ANCHORAGE, Alaska (AP) - Mary Bourdukofsky, an Alaska Native, was at home on rugged St. Paul Island one Sunday in the summer of 1942 when her husband rushed breathlessly through the door from his weekly baseball game.
The federal government was in the process of forcing 881 Aleuts to move from their homes on the Pribilof and Aleutian Islands in the Bering Sea to dank wartime internment camps in the rain forest of Southeast Alaska 1,500 miles away.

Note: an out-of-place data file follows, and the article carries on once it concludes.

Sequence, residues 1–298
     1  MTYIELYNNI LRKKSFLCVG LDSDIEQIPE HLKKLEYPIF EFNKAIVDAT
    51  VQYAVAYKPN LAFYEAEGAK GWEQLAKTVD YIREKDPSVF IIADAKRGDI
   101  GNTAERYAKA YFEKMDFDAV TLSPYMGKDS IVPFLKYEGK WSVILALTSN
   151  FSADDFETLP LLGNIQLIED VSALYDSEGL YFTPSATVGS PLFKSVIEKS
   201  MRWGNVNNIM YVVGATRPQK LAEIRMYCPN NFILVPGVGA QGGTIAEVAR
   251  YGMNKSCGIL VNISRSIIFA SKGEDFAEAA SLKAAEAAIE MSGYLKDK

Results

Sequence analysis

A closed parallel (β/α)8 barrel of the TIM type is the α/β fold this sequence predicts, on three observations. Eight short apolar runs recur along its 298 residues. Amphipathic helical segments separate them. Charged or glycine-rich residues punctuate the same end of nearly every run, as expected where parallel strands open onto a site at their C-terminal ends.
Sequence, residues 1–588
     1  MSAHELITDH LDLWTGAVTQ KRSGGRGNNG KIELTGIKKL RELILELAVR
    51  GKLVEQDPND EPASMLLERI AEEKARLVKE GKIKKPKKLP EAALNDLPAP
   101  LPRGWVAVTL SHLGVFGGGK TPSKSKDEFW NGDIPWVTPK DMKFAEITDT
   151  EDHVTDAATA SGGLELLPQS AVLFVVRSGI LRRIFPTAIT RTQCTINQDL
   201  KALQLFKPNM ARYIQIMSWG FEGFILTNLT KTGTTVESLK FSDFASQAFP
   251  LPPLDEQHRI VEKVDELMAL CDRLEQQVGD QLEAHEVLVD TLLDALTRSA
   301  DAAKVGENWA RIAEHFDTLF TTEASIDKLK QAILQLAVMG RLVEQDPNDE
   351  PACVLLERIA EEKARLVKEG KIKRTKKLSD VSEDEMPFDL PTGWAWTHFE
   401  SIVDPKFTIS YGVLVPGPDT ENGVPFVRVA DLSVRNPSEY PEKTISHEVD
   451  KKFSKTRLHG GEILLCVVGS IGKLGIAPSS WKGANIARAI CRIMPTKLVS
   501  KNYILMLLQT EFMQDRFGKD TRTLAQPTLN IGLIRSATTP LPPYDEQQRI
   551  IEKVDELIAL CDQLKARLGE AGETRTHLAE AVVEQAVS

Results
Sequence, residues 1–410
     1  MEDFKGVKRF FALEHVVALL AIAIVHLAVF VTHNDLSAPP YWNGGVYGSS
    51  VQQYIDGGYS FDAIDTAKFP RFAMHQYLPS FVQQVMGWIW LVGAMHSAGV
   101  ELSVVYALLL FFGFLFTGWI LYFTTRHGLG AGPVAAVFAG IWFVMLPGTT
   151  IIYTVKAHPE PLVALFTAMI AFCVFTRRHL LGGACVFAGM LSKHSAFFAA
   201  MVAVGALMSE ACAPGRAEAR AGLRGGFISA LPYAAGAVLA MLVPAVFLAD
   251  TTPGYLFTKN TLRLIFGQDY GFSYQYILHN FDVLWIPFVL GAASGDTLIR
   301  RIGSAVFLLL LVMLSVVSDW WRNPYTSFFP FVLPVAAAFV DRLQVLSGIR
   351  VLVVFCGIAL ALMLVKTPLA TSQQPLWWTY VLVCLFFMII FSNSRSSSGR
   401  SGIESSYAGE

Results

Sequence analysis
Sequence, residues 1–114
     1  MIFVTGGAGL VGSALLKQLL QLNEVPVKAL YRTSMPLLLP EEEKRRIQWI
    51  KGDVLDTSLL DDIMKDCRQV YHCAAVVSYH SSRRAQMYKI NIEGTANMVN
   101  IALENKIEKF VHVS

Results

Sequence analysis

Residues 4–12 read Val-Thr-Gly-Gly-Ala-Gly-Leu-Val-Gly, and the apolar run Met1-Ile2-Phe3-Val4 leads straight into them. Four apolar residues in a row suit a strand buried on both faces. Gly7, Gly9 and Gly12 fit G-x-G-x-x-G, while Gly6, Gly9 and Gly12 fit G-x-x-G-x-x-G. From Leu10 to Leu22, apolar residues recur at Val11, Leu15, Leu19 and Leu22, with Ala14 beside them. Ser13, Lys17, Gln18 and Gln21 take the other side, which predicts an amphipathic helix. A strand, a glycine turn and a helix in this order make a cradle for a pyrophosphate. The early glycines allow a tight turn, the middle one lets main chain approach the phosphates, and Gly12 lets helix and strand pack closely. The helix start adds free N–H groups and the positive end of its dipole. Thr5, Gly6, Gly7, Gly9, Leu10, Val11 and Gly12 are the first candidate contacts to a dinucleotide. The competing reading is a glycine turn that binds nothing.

``He came running in and said, 'They've stopped the ball game. They've come to evacuate us,''' Bourdukofsky said.
A new documentary film, ``Aleut Story,'' recounts the little-known internment of Aleuts during World War II. Many in the film speak publicly for the first time about their experiences in the camps, where they were sent after troops from Japan invaded Alaska's western outposts in June 1942.
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